Home > Ecuador > Chimborazo: Ecuador’s Highest Volcano (Part Two)

Chimborazo: Ecuador’s Highest Volcano (Part Two)

ChimborazoAt over 17.000 feet above sea level, the air is light, crisp, thin, soothing… As I look behind me, over and over again, feeling so close to that gigantic mass of glaciers and snow, I think repeatedly of how Simon Bolivar may have felt at those heights, low on oxygen, prompting him to write his “Delirium over Chimborazo”…. And, as every other time I have been there, I feel this strange impulse to race uphill and go touch those dazzling white pieces of prehistoric ice….. But rationality and the advice of my travel companions tell me it is not a good idea to “race” uphill.  I could try to do it, perhaps with Marco’s training, but on a slow, step by step and technically programmed climb. Such are the emotions that a mountain like Chimborazo produces….

Juan Carlos is busy taking pictures, while Sue and Sofia play with the baby vicunas and some of the less shy llamas… some of them are white, others brownish, others mixed colored…. But all of them are just cute creatures of the heights, fortunately now protected under the rules and regulations of the Chimborazo Fauna Reserve and Ecuador’s National Protected Area’s System….  Unable to fulfill my high altitude running desire, I walk over the slightly wet low pampas grass…. A small creek flows downhill carrying crystal clear water and alongside there are some pretty “chuquirahua” plants, the flower symbol of Ecuador’s Andes… From certain angles I can clearly see, far on the southeastern horizon, the towering steep-sloped perfect cone of the mighty Sangay Volcano, neatly showing a thin plume of volcanic vapor rising into the blue sky..

We cannot leave the Star of Chimborazo Camp and Mountain Lodge without a horseback ride taking us over a steady trail headed south, catching new and more glorious views of Chimborazo, the highest mountain on Ecuador’s unique Avenue of Volcanoes.  High above flies a “Curiquingue”, a large raptor from the falcon’s family, searching for prey….hope he or she is not fancying us…. Sadly, it is time to return, so we leave the nicely saddled horses and return to our van, riding back towards Riobamba, the central Andean city where Ecuador’s first Constitution was written in 1830.  It is also the hometown of Ecuador’s most prominent scientist, Pedro-Vicente Maldonado, who joined the International Geodesic Mission which determined the position of the Equator in 1736, giving the country’s its name…The churches and squares teem with people, the colonial architecture prevails on its homes, and the cobble-stoned streets give the city an atmosphere of bygone times… The market is bustling today and blocks of vendors sell from flowers to poultry; from “quinoa”, a local and rich grain, to world class blue jeans, made in Ecuador….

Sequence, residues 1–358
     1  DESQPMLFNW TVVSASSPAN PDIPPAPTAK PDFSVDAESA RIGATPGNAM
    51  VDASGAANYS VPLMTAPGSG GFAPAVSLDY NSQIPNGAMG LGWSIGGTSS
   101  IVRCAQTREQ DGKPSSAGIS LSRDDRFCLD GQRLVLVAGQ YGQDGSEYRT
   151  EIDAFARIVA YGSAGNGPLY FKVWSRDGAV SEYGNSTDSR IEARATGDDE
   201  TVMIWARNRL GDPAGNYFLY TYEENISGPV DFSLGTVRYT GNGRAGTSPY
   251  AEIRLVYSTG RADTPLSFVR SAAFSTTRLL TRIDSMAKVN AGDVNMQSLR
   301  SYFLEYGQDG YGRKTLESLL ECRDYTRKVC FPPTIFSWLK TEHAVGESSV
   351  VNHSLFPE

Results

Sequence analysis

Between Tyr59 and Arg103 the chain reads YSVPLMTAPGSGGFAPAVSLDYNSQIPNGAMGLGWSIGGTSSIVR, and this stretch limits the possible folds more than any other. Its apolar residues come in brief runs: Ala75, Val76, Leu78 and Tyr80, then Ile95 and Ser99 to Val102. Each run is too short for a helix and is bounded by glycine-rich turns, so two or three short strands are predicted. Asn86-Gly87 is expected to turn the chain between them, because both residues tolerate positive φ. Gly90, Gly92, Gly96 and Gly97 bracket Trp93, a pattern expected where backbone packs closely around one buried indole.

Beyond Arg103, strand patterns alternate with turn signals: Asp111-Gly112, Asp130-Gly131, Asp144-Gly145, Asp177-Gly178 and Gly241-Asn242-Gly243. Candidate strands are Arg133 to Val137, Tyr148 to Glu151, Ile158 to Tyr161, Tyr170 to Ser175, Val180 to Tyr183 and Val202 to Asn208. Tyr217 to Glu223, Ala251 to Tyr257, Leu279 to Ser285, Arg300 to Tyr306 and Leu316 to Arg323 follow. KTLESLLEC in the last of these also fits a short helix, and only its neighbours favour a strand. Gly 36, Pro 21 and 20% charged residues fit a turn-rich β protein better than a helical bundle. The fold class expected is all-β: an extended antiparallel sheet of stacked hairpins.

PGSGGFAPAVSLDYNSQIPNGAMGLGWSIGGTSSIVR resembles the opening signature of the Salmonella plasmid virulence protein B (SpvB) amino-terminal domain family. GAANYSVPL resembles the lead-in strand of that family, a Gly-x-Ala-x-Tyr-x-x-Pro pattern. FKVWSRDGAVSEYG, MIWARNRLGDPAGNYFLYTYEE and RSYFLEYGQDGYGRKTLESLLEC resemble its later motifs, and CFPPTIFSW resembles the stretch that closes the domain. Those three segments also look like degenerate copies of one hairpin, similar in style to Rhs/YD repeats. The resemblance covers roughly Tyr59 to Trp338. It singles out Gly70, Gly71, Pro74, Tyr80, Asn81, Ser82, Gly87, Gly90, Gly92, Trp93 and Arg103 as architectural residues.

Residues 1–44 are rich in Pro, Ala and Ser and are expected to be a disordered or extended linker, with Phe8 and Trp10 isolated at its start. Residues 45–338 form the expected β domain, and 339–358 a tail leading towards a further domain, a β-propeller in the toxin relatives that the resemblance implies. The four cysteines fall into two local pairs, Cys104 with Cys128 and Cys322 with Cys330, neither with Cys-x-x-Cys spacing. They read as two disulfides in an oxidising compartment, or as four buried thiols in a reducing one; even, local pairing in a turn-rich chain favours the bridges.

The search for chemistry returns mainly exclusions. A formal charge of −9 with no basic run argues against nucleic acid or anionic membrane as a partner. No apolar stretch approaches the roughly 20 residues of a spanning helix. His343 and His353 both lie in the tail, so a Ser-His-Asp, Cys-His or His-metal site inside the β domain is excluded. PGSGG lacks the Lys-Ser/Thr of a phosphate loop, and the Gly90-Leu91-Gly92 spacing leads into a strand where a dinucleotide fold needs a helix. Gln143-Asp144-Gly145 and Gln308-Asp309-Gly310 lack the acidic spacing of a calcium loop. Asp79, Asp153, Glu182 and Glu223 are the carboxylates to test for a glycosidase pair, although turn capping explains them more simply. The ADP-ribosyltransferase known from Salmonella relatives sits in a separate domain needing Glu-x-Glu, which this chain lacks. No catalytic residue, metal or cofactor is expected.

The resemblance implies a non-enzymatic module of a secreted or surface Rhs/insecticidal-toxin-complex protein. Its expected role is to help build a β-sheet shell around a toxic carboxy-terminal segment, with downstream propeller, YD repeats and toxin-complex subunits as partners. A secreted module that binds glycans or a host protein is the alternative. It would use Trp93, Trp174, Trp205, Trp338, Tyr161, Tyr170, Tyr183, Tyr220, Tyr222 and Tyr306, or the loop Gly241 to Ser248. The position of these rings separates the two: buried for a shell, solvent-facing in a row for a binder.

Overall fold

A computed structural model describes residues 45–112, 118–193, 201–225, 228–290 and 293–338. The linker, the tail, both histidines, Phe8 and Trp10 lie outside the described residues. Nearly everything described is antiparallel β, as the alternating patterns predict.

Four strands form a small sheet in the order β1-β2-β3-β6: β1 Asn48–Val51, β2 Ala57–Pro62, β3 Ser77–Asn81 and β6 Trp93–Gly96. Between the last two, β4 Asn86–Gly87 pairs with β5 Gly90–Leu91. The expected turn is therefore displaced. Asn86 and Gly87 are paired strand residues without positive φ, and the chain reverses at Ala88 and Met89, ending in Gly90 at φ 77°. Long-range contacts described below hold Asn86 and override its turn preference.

Marco would not let us leave without having lunch with his lovely family at his beautiful home in the outskirts of Riobamba.  The house, decorated exquisitely, is to a good extent a Museum, guarding from colonial paintings and sculptures to priceless books and Marco’s immense collection of Ecuador and World mountains pictures…. Silver, bronze and copper objects share space with tapestries and the large picture windows allow clarity and views of the splendid greenery around from anywhere inside the house.  Ximena, Marco’s charming wife is a truly fantastic hostess and their two daughters a delight to talk to… Time for lunch and we are treated to a very local “ceviche de chochos” (chochos are a local grain, rich in protein, known to some people as “lupine”) followed by the traditional “hornado de Riobamba”, delicious roasted slices of pork meat with the natural juice of tomatoes and onions, scattered over the platter, which comes accompanied by crackling pieces of pork skin and “llapingachos”, potato patties filled with cheese and served with small braised sausages…. Red wine makes perfect match for the banquet which terminates with “babaco”, a local fruit, related to papaya, but different in many ways, served on its own sweet juice…..

Sadly, we leave Marco and his family, hugs and good-byes, as we begin our still tremendously scenic three hour ride back to Quito on the Pan American Highway, leaving the reign of Chimborazo and headed for the premises of Tungurahua, Cotopaxi and Pichincha, the imposing volcanoes which so much impressed Humboldt two centuries ago and which continue to fascinate every fortunate traveler, tourist or explorer who roams the magic Ecuadorean land…..

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